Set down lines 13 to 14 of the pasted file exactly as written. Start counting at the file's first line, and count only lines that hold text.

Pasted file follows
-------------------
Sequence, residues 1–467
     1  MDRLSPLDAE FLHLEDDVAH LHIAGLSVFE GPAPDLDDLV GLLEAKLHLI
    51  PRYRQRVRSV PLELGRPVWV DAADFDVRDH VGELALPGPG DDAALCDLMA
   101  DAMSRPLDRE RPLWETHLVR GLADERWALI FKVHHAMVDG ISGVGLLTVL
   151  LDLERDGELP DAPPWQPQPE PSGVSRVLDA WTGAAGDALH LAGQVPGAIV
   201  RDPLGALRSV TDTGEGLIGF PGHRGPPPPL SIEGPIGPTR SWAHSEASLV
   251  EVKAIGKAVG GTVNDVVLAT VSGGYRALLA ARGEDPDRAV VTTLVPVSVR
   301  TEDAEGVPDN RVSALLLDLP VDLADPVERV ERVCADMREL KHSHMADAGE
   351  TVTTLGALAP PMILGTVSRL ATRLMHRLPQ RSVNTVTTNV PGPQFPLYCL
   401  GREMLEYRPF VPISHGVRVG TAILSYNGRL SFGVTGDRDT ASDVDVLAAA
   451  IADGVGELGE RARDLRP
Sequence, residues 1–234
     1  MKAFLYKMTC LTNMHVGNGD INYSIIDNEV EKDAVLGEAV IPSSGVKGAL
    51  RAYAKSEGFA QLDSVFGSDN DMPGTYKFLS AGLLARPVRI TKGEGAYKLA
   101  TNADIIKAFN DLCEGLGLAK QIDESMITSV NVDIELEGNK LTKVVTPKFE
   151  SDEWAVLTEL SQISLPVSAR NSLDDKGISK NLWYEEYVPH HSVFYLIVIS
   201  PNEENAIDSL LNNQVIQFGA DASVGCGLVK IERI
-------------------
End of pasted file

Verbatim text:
     1  MKAFLYKMTC LTNMHVGNGD INYSIIDNEV EKDAVLGEAV IPSSGVKGAL
    51  RAYAKSEGFA QLDSVFGSDN DMPGTYKFLS AGLLARPVRI TKGEGAYKLA